These included a blanket (heating); an incontinence pad (bathing, laundry and medicines); a face mask (PPE); an empty packet of cuppa soup (nutritious food) and an empty purse (enough money to live on).

All these things – the wheelchair with its attached items and the testimonies – were turned away. Neither Sunak nor anybody else at the Treasury could be bothered to pay attention to the plight of these people.

Similar deliveries were also rejected by 10 Downing Street and the Department for Work and Pensions, although the DWP did accept a letter addressed to Secretary of State for Work and Pensions, Thérèse Coffey, with a copy of a document published today by DPAC collating testimonies from benefit claimants and key findings from recent reports evidencing the need to retain and extend the uplift.

According to DPAC,

Given the disproportionate mortality rates for disabled people from COVID, many have been shielding for close to a full year now. This has driven their costs up considerably.

The Department for Work and Pensions has said there is no need to apply the uplift to legacy claimants because benefits will be increased by 37p per week in April 2021 and because they have the option of moving over to Universal Credit.

Neither of these options help address the situation.

The 37p increase is designed to reflect higher costs of living due to inflation, not the pandemic. It represents a mere 0.5% increase while state pensions will rise by 2.5%. It isn’t enough even to buy a single protective mask.

As the DWP knows, many disabled people are financially worse off on Universal Credit due to the removal of the Disability Premia which have been the subject of judicial review. They would lose out by a move to UC.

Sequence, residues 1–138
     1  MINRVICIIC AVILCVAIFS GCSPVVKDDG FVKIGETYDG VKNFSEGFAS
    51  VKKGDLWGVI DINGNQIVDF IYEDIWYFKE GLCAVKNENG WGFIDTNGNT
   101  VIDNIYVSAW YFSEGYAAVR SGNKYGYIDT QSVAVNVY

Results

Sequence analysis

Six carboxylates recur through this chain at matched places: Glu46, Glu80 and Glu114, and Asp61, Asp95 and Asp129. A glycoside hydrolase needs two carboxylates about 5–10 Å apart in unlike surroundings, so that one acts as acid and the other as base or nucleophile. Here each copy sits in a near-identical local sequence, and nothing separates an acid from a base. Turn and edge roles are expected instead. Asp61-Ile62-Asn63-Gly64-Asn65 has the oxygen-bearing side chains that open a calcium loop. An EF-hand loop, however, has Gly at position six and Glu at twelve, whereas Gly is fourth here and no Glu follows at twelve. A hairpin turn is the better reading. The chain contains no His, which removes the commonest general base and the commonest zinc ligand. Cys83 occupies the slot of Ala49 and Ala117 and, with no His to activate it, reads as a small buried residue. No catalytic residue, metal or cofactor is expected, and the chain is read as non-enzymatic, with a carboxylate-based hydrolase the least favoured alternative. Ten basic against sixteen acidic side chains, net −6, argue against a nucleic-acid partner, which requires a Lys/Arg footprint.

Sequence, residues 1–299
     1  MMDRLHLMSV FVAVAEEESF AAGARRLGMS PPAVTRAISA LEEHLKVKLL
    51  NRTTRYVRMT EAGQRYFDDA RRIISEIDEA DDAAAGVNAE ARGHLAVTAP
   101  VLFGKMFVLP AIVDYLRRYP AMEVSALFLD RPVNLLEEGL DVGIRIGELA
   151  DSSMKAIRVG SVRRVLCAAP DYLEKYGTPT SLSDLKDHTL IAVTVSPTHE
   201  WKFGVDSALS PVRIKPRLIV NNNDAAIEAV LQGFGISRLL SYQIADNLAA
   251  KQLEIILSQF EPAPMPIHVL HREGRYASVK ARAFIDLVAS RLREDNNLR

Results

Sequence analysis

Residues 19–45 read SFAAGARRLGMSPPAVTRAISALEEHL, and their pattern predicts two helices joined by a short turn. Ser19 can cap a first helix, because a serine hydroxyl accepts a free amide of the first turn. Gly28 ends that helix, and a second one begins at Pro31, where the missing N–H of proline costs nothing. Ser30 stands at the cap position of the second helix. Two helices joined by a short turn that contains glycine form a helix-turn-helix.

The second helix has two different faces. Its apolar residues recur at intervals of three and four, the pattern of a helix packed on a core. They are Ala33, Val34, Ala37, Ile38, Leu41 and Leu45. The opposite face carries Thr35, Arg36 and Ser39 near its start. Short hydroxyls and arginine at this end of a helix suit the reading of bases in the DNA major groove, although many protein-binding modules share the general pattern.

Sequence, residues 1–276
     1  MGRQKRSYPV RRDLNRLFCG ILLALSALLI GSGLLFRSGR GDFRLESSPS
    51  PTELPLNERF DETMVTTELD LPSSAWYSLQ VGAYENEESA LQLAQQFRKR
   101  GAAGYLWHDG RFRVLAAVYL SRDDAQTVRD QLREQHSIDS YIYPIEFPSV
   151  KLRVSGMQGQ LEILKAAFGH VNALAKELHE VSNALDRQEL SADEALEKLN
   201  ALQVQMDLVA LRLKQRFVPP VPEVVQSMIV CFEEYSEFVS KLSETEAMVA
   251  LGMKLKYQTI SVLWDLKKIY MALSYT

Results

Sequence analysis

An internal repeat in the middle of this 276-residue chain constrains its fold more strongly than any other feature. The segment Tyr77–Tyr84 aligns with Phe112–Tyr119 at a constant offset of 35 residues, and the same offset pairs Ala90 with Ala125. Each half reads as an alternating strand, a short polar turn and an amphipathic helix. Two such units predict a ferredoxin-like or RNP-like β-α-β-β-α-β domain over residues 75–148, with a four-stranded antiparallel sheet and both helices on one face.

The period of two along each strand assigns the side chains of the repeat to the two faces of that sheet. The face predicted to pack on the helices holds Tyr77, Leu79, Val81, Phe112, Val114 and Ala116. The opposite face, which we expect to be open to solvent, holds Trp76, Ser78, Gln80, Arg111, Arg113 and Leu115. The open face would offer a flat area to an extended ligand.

There is also the question of how disabled people without access to the internet or support to navigate the benefit system are supposed to move over to UC with the operations of welfare advice and community support organisations so heavily restricted by the pandemic.

Next time someone like Sunak or Boris Johnson turns up on your TV, telling you they are “protecting the most vulnerable”, remember that you know the truth:

This Johnson government is ignoring the most vulnerable people. Johnson doesn’t want to protect them and neither does Sunak. They want the most vulnerable people to die.

Source: Treasury blanks disabled people – letters to Chancellor telling of financial hardship turned away – DPAC

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Sunak’s Budget is ‘for the fairies’ because it assumes that Covid is over

His next job: because Sunak has just served up a Budget ‘for the fairies’ that is likely to fall flat on its face in a few short months.

It seems the phrase du jour is ‘for the fairies’.

Some daft Tory MP said nurses’ calls for pay increases were “for the fairies” – see my earlier story on that.

Now I see Richard Murphy of Tax Research UK has used the same phrase to describe Rishi Sunak’s budget.

He also said the Johnson government is “firing blanks” at every level.